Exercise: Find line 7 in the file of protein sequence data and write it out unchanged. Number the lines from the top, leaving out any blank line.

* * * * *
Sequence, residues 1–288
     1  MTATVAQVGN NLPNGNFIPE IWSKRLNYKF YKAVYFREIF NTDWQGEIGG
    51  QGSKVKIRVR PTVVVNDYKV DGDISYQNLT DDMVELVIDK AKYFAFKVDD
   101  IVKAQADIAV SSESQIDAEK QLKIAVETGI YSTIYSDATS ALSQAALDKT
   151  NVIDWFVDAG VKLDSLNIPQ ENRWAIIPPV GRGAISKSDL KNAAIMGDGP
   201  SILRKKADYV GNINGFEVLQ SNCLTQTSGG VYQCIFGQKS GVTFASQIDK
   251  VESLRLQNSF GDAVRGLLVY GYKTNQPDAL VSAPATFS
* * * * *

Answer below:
   251  VESLRLQNSF GDAVRGLLVY GYKTNQPDAL VSAPATFS